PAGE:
Vitamin B12 - Alles über Lebensmittel, Mangel & Co

Vitamin B12 - All about food, deficiency & Co

Vitamin B12 is an important vitamin for the blood, heart, brain, nerves and is significantly involved in various metabolic processes in the body. In Germany, up to 25 percent of men and up to 50 percent of women are affected by a B12 deficiency. In this article we explain why this is the case and why especially vegans or people with gastrointestinal diseases are affected.

What are the functions of vitamin B12 in the body?

Vitamin B12 is involved in the formation of blood and cells, in energy metabolism and the body's own detoxification, it also protects the cardiovascular system and is indispensable for the brain and nervous system. It is also essential for the development of nerve cells in the spinal cord.

The term vitamin B12 does not stand for a single chemical substance, but for several compounds. Cobalamin, as it is also called, must be actively transported through the mucosal cells in the intestine into the body. A special protein, the so-called intrinsic factor, is also necessary for vitamin B12 absorption. It is produced by the stomach mucosa and enters the intestine together with the food pulp.

What foods contain vitamin B12?

Vitamin B12 is an essential vitamin, which means that the body cannot produce the vitamin itself. Instead, it must be taken in with food. It is produced exclusively by bacteria (and blue-green algae) and is only found in animal foods. It is therefore easier to become vitamin B12 deficient on a strict vegan diet. Good food sources are meat, fish, eggs and milk (products). The food richest in vitamin B12 is liver. In plant foods, vitamin B12 is only present if bacterial fermentation has occurred (e.g. in sauerkraut), but then only in very small amounts, which are not enough to cover the recommended intake.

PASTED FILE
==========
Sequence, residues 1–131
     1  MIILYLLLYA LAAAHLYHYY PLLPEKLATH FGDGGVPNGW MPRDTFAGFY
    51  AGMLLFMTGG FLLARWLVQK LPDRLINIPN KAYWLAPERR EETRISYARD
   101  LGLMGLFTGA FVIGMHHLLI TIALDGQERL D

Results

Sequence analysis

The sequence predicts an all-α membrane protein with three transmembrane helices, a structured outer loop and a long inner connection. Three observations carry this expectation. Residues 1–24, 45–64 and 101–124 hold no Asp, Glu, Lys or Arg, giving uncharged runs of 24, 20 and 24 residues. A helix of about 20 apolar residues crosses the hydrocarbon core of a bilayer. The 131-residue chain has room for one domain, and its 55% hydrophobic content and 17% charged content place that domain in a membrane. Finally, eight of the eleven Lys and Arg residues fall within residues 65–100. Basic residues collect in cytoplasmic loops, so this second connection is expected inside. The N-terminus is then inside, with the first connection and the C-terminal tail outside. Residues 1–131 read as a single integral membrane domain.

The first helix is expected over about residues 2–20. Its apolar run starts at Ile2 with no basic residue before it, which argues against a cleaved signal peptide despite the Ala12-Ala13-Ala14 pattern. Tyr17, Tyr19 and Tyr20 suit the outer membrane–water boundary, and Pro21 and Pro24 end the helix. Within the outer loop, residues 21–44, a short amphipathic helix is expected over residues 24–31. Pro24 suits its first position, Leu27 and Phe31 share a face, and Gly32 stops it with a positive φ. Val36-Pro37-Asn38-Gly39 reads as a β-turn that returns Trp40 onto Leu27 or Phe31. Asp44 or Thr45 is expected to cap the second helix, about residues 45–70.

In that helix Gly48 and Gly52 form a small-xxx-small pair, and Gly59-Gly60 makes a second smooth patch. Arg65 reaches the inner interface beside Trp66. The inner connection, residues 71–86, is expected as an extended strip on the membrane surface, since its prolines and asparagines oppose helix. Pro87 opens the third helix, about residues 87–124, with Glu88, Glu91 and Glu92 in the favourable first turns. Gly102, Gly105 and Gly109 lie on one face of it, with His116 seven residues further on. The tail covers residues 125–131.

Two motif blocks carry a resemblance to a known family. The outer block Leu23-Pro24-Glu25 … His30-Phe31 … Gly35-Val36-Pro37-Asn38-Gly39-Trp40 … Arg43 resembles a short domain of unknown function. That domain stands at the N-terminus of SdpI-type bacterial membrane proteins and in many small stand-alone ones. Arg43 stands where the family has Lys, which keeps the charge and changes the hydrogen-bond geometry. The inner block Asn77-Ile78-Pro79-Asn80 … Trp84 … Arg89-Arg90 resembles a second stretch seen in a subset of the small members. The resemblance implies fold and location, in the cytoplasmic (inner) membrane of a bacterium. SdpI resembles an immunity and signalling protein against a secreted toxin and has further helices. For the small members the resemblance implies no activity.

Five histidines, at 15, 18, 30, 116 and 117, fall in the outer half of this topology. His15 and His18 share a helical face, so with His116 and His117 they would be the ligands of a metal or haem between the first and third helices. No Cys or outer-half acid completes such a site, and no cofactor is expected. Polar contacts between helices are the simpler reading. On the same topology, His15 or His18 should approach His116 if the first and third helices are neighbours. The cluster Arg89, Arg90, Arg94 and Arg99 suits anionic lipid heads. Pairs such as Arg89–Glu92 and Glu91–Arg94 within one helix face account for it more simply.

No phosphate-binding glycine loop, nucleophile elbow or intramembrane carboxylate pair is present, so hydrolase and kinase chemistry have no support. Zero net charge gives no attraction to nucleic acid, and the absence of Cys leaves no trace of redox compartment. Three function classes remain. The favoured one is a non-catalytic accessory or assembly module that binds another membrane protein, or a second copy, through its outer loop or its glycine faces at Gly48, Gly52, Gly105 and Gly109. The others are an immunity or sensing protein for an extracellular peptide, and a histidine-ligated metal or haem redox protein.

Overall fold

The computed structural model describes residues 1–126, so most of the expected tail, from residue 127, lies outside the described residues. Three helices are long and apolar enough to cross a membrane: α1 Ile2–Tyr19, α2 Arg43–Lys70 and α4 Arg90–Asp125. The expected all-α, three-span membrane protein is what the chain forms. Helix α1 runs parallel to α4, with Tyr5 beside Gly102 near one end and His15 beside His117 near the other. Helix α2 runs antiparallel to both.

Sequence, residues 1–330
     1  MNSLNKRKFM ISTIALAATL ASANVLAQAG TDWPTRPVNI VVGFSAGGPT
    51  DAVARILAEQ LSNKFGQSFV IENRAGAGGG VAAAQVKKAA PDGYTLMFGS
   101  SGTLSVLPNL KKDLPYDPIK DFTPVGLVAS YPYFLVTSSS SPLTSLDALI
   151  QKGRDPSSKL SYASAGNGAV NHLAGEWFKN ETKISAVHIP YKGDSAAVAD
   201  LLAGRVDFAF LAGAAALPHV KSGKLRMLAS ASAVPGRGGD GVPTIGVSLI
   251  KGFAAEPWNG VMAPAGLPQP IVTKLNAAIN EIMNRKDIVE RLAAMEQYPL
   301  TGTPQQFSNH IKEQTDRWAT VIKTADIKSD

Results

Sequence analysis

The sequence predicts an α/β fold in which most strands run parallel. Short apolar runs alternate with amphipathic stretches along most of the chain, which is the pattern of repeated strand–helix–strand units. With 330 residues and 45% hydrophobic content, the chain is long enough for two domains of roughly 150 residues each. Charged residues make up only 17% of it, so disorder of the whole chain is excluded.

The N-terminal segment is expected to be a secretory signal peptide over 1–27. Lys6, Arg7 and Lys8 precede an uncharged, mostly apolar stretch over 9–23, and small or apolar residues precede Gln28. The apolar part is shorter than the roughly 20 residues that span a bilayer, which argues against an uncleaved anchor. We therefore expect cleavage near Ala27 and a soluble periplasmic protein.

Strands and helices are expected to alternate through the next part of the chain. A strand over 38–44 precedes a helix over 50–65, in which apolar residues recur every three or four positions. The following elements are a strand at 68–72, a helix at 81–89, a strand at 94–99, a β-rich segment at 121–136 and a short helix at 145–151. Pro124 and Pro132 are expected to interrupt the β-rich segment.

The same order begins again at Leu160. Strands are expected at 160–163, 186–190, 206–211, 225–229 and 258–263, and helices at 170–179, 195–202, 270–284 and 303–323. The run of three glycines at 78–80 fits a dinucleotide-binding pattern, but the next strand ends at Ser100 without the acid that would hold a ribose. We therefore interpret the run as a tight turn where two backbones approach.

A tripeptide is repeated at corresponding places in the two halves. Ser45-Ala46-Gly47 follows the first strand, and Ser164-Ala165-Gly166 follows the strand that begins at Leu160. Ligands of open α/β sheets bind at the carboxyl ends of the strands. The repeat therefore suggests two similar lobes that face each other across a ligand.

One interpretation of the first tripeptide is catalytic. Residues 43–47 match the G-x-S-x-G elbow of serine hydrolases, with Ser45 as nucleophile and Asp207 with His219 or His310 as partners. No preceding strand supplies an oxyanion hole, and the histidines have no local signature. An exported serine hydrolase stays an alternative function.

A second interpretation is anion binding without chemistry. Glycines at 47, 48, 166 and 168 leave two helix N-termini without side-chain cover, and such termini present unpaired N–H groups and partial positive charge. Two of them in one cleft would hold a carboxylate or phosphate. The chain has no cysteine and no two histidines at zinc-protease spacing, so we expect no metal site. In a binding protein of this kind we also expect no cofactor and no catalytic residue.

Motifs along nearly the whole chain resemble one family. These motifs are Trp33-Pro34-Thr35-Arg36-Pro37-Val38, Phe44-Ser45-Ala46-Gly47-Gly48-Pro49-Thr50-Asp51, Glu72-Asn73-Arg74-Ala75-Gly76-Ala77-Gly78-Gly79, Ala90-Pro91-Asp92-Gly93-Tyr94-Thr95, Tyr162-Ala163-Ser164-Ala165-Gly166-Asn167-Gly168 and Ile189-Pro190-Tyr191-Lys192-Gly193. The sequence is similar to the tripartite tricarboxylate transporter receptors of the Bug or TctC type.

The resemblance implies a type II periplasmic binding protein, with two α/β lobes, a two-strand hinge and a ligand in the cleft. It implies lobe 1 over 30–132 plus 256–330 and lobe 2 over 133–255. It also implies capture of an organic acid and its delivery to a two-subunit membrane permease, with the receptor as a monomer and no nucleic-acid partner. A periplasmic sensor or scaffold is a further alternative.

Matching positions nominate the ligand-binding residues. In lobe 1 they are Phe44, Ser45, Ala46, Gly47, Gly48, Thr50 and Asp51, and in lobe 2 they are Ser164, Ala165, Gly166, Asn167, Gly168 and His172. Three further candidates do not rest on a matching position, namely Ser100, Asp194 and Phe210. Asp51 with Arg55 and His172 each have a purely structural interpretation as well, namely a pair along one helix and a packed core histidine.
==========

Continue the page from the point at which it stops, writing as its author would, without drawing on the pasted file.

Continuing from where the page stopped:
How much vitamin B12 do we need?

The recommended intake for adults is 4.0 µg vitamin B12 per day. Pregnant women are recommended to take 4.5 µg per day, breastfeeding women 5.5 µg per day.

How do I recognise a vitamin B12 deficiency?

Vitamin B12 deficiency is more common than often thought. A deficiency can be nutritionally related to a vegan diet, where no meat, fish, dairy products or eggs are eaten. For people on a vegan diet, our pharmacists recommend supplemental intake of vitamin B12 in the form of a supplement. Special care should be taken with fully breastfed babies of vegan mothers. These babies are at increased risk of developing a vitamin B12 deficiency. A B12 deficiency should also be avoided at all costs during pregnancy.

Proportionally, vitamin B12 is stored in large quantities in the liver. What is particularly deceptive is that deficiency symptoms often only appear after years of insufficient intake. Too much vitamin B12 can hardly be absorbed because the body does not absorb unneeded amounts through the intestinal wall.

Vitamin B12 deficiency in chronic inflammation of the stomach

Chronic inflammation of the stomach (CED) or gastrointestinal diseases can favour a vitamin B12 deficiency, because on the one hand the inflamed intestinal mucosa has absorption problems and on the other hand vitamins are excreted more quickly due to chronic diarrhoea. A deficiency can also develop if acid blockers are taken for too long. These block the formation of gastric acid in the cells of the gastric mucosa. However, these cells also form the intrinsic factor, which is necessary for the absorption of B12 but is missing due to the stomach medication.

Vitamin B12 deficiency common in older people

Vitamin B12 deficiency is also often observed in older people. In this population group, an undersupply of vitamin B12 occurs, for example, due to mucosal changes in the stomach. However, certain medications are often prescribed (such as acid blockers or diabetes medications) that promote a B12 deficiency. Antibiotics, cortisone, psychotropic drugs and many others hit the stomach, disturb the digestion and worsen the absorption of vitamins.

If you suspect a vitamin B12 deficiency, it is best to contact your family doctor. He or she can quickly and easily determine the deficiency with a laboratory test. If you have further questions about vitamin B12 or supplementation with food supplements, please contact our pharmacists at Saint Charles Pharmacy Vienna or Berlin. We will be happy to advise you.

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